darwinism


darwinism

noun

  1. the Darwinian theory that species originate by descent, with variation, from parent forms, through the natural selection of those individuals best adapted for the reproductive success of their kind.

noun

  1. the theory of the origin of animal and plant species by evolution through a process of natural selectionCompare Lamarckism See also Neo-Darwinism
n.

1864, from Charles Darwin (1809-1882), whose major works were “The Origin of Species” (1859) and “The Descent of Man” (1871), + -ism.

n.

  1. A theory of biological evolution developed by Charles Darwin and others, stating that all species of organisms arise and develop through the natural selection of small, inherited variations that increase the individual’s ability to compete, survive, and reproduce.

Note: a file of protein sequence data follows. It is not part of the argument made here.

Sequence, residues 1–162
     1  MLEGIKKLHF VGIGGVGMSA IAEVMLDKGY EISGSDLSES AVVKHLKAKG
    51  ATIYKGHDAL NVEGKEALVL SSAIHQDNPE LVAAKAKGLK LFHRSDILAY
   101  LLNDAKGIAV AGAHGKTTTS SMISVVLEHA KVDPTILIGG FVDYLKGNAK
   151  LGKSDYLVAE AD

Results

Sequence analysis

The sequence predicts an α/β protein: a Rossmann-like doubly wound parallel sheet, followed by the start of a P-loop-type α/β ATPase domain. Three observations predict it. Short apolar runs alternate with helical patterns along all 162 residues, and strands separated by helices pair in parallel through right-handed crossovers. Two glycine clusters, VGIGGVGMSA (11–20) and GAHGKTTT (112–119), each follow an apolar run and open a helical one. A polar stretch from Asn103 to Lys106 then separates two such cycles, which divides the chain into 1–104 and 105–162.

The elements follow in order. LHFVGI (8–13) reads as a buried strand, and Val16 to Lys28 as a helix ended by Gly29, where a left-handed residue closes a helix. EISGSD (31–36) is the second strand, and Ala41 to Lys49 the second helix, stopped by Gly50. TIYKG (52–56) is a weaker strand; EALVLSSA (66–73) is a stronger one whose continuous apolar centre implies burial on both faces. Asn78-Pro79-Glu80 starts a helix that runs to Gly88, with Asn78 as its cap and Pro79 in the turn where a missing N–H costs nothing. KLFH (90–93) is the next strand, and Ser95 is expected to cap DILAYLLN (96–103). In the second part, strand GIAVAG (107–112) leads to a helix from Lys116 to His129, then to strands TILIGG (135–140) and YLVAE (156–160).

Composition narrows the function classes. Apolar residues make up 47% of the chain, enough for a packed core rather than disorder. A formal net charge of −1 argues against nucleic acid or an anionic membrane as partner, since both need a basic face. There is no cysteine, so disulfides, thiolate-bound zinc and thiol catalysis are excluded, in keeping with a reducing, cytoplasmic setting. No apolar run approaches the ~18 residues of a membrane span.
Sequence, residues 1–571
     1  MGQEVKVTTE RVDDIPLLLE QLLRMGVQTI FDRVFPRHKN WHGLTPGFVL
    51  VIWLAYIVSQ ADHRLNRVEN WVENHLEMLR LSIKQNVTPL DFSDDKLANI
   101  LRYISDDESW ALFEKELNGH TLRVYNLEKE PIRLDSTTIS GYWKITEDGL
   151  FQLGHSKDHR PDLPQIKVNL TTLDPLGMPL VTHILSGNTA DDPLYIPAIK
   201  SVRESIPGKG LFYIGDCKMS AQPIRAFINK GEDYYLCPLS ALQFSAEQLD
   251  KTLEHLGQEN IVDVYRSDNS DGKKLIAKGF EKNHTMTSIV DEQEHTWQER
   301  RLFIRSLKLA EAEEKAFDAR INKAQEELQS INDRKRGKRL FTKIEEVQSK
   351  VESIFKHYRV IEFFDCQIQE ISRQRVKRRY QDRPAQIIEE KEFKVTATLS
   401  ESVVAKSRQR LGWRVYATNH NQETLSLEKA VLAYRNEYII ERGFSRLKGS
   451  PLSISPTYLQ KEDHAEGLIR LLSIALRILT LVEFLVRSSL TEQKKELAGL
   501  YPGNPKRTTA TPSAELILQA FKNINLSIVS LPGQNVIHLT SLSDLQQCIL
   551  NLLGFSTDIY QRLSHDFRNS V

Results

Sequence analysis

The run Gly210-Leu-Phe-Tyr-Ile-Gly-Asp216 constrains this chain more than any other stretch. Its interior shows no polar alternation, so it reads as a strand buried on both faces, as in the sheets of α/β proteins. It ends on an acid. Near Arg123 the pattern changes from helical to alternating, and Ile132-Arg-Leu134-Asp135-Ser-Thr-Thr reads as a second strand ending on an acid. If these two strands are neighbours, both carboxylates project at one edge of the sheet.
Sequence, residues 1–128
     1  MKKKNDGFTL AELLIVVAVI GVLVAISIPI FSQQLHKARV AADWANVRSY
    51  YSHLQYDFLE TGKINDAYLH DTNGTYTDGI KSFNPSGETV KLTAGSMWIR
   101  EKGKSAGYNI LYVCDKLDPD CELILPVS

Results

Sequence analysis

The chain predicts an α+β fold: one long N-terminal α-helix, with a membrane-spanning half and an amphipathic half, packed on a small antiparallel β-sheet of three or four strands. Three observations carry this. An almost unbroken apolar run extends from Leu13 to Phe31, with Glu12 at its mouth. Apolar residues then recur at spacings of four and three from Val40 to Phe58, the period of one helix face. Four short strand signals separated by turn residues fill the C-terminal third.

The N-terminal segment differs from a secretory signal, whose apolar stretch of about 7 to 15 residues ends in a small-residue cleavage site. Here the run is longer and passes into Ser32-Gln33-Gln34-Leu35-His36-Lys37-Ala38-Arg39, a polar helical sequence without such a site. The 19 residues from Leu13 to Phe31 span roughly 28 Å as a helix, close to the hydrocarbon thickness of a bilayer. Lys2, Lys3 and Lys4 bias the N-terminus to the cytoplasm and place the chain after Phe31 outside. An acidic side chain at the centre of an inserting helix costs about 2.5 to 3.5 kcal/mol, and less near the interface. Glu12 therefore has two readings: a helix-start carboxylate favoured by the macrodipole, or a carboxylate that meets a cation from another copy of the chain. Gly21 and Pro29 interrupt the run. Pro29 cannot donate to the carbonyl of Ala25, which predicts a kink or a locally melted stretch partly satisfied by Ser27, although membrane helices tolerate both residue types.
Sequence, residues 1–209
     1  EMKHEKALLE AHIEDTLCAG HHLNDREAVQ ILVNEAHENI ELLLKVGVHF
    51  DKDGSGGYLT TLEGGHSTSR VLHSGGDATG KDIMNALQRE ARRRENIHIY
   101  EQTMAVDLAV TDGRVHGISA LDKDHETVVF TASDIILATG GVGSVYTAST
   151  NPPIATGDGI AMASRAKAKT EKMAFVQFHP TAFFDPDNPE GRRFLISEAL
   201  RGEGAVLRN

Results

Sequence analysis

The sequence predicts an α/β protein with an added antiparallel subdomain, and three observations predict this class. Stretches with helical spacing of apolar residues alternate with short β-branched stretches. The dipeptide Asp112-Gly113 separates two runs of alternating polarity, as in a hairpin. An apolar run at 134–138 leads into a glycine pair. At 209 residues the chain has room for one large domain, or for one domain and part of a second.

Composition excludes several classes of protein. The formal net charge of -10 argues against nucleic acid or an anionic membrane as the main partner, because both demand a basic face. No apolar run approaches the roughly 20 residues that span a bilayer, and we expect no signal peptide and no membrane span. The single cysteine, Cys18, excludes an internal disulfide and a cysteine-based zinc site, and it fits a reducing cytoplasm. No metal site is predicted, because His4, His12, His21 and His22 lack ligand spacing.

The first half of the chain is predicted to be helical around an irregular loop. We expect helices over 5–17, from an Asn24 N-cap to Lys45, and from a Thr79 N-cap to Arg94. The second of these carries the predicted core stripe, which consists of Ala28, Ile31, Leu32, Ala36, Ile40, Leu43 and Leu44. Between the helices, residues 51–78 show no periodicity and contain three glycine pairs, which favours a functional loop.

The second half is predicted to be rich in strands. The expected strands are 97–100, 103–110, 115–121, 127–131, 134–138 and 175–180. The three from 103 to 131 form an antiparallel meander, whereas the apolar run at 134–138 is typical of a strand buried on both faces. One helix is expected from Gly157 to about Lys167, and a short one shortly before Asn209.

1. A theory of biological evolution developed by Charles Darwin and others, stating that all species of organisms arise and develop through the natural selection of small, inherited variations that increase the individual’s ability to compete, survive, and reproduce. Darwin’s ideas have been refined and modified by subsequent researchers, but his theories still form the foundation of the scientific understanding of the evolution of life. Darwinism is often contrasted with another theory of biological evolution called Lamarckism, based on the now-discredited ideas of Jean-Baptiste Lamarck. See Note at evolution.

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